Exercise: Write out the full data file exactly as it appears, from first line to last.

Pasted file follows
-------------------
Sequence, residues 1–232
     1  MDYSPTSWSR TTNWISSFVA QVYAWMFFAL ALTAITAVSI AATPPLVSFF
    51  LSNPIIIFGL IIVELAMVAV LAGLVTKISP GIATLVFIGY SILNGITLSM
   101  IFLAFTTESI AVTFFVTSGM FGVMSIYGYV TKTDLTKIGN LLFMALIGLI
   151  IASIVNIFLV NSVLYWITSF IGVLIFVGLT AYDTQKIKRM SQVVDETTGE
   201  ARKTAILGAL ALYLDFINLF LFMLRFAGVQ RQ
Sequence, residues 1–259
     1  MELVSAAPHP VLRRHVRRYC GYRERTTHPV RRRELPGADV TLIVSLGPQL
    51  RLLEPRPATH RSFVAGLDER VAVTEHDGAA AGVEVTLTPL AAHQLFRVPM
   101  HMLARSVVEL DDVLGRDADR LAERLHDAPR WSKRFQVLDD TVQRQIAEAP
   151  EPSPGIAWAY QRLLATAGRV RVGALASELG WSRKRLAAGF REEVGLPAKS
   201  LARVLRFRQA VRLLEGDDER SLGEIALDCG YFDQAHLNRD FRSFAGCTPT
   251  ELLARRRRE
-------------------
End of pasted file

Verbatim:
Sequence, residues 1–232
     1  MDYSPTSWSR TTNWISSFVA QVYAWMFFAL ALTAITAVSI AATPPLVSFF
    51  LSNPIIIFGL IIVELAMVAV LAGLVTKISP GIATLVFIGY SILNGITLSM
   101  IFLAFTTESI AVTFFVTSGM FGVMSIYGYV TKTDLTKIGN LLFMALIGLI
   151  IASIVNIFLV NSVLYWITSF IGVLIFVGLT AYDTQKIKRM SQVVDETTGE
   201  ARKTAILGAL ALYLDFINLF LFMLRFAGVQ RQ
Sequence, residues 1–259
     1  MELVSAAPHP VLRRHVRRYC GYRERTTHPV RRRELPGADV TLIVSLGPQL
    51  RLLEPRPATH RSFVAGLDER VAVTEHDGAA AGVEVTLTPL AAHQLFRVPM
   101  HMLARSVVEL DDVLGRDADR LAERLHDAPR WSKRFQVLDD TVQRQIAEAP
   151  EPSPGIAWAY QRLLATAGRV RVGALASELG WSRKRLAAGF REEVGLPAKS
   201  LARVLRFRQA VRLLEGDDER SLGEIALDCG YFDQAHLNRD FRSFAGCTPT
   251  ELLARRRRE